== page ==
In case no one noticed, the URL didn 't work as provided.  By trial and error,
I found that it would work if the "www." was deleted, making

There were directories of the Tuba Christmases organized several ways
including by state.  Boston and New York City were included, but I didn't see
one specifically for Rockefeller Center.  (That is in NYC, isn't it?)

Fred McKenzie


Date: Sun, 15 Nov 1998 02:08:24 CST
From: "Gregg Bailey" <>
Subject: What do I do??????

What do people like me do???  I want to play a Buffet Prestige low C
bass clarinet soooooo bad, though I would settle for anything of
*professional* quality.  My family doesn't have that kind of money.  The
band does, but my band director put the possibility of buying 3 new bass
clarinets at #2 on this year's priority list, and only #1 could be
accomplished:  getting the marching baritones overhauled.  Now, granted,
the baritones DO look better, but give me a break.  I could have an
excellent shot at FIRST CHAIR in the TEXAS ALL STATE BAND this year if I
were playing a good bass clarinet (or contra), and those baritones are
just for marching season.
     My whole situation is VERY frustrating.  I am so incredibly
enthusiastic about playing bass and contra clarinets, yet all the ones I
have access to SUCK THE BIG ONE!  They were entry-level or intermediate
horns to begin with, and they aren't much better half a century later!!!
I am so extremely inhibited; I can't show off my true potential because
the basses and contras I have access to are so bad for what I need them
to be able to do.  I was fine with them in beginning band, but I'm
BEYOND that.  I made 6th chair in the first band at All State last year,
and everybody else above me had virtually brand new professional bass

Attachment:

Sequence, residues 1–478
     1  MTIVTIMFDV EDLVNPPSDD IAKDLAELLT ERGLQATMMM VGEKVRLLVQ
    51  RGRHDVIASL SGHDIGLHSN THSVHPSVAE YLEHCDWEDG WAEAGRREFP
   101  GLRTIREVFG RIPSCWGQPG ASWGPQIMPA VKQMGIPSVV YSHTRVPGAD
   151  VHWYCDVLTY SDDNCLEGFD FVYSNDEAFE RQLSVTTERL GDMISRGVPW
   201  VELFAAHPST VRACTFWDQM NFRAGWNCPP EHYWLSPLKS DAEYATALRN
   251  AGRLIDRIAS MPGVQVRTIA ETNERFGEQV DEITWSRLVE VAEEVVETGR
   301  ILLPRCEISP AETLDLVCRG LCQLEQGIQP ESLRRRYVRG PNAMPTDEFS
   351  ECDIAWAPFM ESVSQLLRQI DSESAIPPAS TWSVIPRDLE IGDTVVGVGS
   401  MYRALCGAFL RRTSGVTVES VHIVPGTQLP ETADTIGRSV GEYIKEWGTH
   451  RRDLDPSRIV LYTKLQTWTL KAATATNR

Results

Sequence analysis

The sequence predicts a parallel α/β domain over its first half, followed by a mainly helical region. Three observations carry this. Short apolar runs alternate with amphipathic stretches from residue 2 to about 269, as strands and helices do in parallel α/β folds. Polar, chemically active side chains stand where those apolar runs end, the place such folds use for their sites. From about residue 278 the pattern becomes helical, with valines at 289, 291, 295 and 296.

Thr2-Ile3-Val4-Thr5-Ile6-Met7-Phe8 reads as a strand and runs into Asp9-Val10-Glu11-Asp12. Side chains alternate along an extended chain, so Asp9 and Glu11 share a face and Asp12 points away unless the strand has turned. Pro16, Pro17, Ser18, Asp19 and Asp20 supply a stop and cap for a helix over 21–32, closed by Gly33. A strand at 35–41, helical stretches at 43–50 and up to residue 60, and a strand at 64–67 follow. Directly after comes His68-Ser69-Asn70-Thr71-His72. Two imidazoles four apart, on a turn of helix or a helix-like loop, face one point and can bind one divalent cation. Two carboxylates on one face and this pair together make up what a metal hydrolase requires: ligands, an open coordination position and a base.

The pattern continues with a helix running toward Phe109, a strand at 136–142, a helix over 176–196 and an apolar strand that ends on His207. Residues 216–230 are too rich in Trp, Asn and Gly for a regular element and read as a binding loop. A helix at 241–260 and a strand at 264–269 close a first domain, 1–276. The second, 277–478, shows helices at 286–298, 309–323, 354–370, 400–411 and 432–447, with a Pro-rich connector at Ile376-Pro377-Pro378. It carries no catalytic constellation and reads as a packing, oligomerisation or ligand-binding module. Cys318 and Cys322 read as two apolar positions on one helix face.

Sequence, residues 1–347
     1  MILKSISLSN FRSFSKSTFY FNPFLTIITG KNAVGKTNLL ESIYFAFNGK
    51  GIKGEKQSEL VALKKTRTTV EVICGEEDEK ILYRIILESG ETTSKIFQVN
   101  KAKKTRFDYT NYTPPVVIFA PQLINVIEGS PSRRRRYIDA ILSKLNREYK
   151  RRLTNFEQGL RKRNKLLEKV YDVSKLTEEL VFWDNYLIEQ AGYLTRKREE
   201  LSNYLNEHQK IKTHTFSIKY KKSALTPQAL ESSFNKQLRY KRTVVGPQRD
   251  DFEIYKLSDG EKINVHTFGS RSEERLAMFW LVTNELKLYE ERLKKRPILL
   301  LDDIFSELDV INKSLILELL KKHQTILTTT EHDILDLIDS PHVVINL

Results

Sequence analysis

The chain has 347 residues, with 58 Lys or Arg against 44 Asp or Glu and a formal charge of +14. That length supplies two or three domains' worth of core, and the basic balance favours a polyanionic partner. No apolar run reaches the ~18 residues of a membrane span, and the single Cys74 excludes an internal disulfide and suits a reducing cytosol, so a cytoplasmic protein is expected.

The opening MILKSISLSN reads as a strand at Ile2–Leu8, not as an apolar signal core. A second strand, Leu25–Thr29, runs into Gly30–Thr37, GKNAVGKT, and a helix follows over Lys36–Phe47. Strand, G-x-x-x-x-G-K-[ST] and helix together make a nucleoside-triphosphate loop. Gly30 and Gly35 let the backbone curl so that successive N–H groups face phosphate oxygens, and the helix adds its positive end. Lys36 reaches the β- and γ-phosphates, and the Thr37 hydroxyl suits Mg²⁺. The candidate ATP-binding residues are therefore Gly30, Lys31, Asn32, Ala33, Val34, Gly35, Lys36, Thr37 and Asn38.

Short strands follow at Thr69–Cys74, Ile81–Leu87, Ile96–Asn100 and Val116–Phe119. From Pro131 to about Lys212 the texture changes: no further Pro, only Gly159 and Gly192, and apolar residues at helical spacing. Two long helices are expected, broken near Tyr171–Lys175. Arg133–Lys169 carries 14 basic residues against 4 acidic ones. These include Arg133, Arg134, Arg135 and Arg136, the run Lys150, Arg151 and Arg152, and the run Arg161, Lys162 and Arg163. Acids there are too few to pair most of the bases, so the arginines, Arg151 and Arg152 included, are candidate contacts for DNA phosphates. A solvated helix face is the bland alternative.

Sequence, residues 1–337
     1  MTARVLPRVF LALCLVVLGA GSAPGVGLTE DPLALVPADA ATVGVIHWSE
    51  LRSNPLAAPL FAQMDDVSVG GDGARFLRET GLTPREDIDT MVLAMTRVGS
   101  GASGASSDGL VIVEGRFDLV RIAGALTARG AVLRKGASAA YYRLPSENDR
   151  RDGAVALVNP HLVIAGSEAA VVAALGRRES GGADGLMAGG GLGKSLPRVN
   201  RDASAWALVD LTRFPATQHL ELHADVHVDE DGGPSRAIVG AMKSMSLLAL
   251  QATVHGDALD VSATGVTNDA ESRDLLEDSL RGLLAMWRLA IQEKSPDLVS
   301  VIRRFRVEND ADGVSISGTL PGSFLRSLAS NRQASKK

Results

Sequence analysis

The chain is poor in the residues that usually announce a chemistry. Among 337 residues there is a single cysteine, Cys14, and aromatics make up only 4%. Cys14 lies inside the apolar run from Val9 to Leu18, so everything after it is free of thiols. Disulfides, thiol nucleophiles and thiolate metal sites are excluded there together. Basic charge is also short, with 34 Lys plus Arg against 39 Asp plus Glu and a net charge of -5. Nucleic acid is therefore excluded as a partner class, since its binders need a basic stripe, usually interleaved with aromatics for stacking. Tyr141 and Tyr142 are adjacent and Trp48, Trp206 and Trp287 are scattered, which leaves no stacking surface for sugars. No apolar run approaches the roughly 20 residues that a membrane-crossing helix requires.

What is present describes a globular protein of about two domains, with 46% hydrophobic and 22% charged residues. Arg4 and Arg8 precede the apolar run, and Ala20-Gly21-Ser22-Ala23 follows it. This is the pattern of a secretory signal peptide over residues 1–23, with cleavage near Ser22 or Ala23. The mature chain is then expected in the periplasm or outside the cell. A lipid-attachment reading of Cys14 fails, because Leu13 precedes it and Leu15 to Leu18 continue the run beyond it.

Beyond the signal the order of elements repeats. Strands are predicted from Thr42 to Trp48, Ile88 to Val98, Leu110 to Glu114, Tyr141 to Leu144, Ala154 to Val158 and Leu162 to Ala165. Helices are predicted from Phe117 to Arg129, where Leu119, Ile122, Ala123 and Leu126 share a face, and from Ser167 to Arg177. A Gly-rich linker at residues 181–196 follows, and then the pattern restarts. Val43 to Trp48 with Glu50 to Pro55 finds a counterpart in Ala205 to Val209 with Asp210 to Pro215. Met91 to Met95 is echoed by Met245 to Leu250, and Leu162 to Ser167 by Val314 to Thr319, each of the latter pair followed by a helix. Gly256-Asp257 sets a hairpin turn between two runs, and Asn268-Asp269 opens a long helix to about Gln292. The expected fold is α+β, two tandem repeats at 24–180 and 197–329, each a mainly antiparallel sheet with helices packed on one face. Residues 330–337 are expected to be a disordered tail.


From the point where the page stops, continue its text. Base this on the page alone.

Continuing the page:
clarinets, most notably Buffet.  Yes, I am pleased with having made the
first band at all, but now my goal is 1st chair, and I don't see how I
can possibly reach that goal on these crappy horns.  And it's not just
that.  They're frustrating to play in everyday use.  It's very
     So, which is better:  a Leblanc 340 contra, or a Selmer (Paris)?
Also, is the general consensus that the new Buffet Prestige Low C bass
is the best out there?  I want to know about Adolphe Sax's "revised"
bass clarinet that was supposedly completely straight.
     I still haven't decided which I want to go to State on:  the bass
clarinet or either of the 2 Leblanc BBb metal contras (one straight, low
Eb, the other looped, low D w/ 2 vent keys).  My true passion, I guess,
is the contra, but the bass seems to play less horrible than the
contras.  Also, the contra seems to be neglected part-wise.  Apparently,
parts have to be handwritten out half the time for them.  What's the
point?  I wouldn't think that these handwritten parts would be fun!
I've noticed that when the director or somebody makes up a part, it's
usually such that the entire thing could be played down an octave,
especially if it's a low C instrument.  What's the fun in that?  You've
got this long instrument that sounds cool in the low range, and you have
to play in a higher octave which the bass clarinet could play in its low
     I like the idea of playing a BBb contra best, but I'll probably end
up going on the bass since it seems to not play as bad as the contras.
Ho-hum.  :(   I must sound like I feel sorry for myself.  I DO!!  All